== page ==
And these people in the bright morning sun hear this story and these words for the very first time. They hear the reading of scripture and its interpretation and all the people weep and mourn for their sins, for the ways that their actions have lead them far away from God, but Nehemiah says, “Listen, don’t weep and mourn, but instead eat the fat of the meat and drink sweet wine and send portions to those who have nothing prepared, for this day – today – is holy to our Lord; and do not be grieved, for the joy of the Lord is your strength.”
Today is the gift of God encountering us again, for the first time.
Just because we trusted God in the past doesn’t mean trusting him today has been taken care of. Today is the day God invites you to trust him.
Just because we have been open to a prayer life in the past, doesn’t mean that our prayers for today have been taken care of. Today is the day God invites you to open your life to him.
Again and again, Jesus shows us that this very day, this very moment is holy. Listen to what Jesus has to say about it:
Out in the village, when Jesus meet the tax collector Zacchaeus, he says, “Today salvation has come to this house.” And Zacchaeus is able to stop and really listen.
On the cross, Jesus says to the man being crucified next to him: “Today you will be with me in paradise and the man is able to see who Jesus really is.”
And when the disciples come to Jesus and ask how to pray, Jesus says to them, “When you pray, say: Father, hallowed be your name. Your kingdom come. And give us today our daily bread.”
Jesus instructs us, who have so much, to ask God, “Give us today our daily bread,” because we have to be reminded we need God. We have to be reminded that God recreates the world every day, and that without him we perish. And that the only way we can connect with God is in the present moment.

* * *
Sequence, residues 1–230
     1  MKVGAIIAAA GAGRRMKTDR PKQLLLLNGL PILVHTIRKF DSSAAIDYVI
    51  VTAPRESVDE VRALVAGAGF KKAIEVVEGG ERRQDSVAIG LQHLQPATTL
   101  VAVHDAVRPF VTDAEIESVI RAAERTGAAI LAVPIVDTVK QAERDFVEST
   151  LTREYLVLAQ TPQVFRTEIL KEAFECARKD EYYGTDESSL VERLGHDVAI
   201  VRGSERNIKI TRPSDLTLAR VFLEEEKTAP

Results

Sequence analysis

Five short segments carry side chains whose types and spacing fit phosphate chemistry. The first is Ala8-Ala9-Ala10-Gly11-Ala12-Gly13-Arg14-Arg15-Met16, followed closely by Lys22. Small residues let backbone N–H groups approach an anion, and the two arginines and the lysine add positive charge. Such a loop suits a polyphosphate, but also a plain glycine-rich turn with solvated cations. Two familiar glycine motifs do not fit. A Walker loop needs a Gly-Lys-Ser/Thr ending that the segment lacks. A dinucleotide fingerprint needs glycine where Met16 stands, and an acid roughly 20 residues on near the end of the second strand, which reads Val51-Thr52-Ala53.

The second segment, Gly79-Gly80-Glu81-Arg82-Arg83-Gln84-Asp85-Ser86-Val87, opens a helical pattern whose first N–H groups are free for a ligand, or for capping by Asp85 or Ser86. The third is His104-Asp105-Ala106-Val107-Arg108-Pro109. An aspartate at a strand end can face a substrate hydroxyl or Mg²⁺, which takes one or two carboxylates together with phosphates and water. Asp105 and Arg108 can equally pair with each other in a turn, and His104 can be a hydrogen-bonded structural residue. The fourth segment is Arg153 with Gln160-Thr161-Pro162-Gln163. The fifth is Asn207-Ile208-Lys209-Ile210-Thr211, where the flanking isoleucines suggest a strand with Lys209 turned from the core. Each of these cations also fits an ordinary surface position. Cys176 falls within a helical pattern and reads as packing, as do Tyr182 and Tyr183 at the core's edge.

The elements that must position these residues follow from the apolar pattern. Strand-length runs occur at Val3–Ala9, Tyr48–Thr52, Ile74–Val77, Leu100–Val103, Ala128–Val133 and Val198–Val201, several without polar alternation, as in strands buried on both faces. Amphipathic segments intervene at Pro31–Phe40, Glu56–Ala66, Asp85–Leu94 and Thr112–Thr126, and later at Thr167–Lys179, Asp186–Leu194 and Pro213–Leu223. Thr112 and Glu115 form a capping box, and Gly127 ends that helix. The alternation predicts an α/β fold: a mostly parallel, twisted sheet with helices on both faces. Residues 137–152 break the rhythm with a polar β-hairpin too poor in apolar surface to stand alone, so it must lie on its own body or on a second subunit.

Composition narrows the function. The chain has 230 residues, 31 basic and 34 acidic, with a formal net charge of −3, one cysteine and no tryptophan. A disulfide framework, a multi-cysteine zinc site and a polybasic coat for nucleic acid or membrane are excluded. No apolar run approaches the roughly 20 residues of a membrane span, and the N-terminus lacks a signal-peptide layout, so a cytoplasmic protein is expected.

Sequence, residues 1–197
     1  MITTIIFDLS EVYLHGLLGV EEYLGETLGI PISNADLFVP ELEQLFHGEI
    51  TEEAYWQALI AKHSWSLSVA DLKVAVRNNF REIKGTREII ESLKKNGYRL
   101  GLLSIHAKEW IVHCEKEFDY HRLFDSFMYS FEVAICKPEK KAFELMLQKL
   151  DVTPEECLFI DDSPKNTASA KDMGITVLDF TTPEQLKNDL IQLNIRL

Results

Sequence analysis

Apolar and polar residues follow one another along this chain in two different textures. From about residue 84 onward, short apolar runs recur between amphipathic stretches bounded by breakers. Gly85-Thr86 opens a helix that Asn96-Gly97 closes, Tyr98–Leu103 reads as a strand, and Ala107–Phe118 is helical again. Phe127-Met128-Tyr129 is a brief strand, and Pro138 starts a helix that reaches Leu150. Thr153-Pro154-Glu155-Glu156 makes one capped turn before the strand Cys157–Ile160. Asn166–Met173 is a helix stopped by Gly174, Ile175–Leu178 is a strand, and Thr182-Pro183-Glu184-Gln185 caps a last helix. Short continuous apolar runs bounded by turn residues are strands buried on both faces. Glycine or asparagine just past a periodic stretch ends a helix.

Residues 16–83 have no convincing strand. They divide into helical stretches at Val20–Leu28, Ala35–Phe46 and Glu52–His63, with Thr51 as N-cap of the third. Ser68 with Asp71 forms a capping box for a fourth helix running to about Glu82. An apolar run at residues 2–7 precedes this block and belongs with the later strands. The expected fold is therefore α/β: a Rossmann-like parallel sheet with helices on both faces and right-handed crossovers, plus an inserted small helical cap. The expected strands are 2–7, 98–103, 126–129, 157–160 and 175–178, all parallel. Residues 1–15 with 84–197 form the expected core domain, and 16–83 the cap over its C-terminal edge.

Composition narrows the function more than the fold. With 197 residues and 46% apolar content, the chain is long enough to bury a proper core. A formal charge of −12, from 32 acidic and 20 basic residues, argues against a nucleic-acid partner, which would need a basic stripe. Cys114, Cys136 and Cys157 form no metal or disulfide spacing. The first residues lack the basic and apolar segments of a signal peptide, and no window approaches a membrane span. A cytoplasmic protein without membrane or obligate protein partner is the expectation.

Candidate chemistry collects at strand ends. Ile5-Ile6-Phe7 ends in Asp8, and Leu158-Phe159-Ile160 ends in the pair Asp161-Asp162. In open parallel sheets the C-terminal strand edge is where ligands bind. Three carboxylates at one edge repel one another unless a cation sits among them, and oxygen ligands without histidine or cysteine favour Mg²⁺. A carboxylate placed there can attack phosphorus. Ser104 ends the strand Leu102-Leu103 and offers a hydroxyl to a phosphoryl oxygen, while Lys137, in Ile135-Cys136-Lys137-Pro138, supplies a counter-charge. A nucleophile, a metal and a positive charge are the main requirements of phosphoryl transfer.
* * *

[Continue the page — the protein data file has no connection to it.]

This past week, our middle and high school youth and their families have been handing out what they call blessing bags to people in our community hoping for daily bread.
On Monday of this past week, as a way to celebrate MLK Day, some of the middle and high school youth gathered in the Star Lodge for a day of service.
We started the day thinking together about all the ways God has blessed us in the past, about the ways God is blessing us in the present and at this time in our life, and about the promises God makes to bless us in the future. We shared these with one another and remembered again how God blesses us to be a blessing.
So then we formed ourselves into an assembly line to make what we had come to call “Blessing Bags.”
We took about 50 gallon-sized Ziploc bags and filled each one with a lip balm, a toothbrush, a tube of sunscreen, a couple protein bars, hand-knitted scarves and socks made by our friends and partners in ministry at Hanover Adult Center, a hand-written word of hope from the scriptures, and various other goodies.
And at the end of a half-hour we had a large pile of blessing bags. Everyone in the group took a couple bags home so that throughout this week, with our families, we could give these bags to people around town who look like they could use one.
Youth have been texting me this week to tell me about how they were able to hand their bag to someone and say, “God loves you.”
Our young men and women seemed surprised at how easy it was to give and how grateful the men and women who received them were.
A man from Russia here in the US with a 2-year-old daughter and waiting on immigration papers said that just a chance to talk with another person about his challenges meant everything in the world to him.
A family said they were in awe that the person who received their bag said “God bless you!” and blessed them when they thought they were the ones doing the blessing.
Families told me that they continued to pray for the people they met on the street throughout the rest of the week.

Isaiah writes: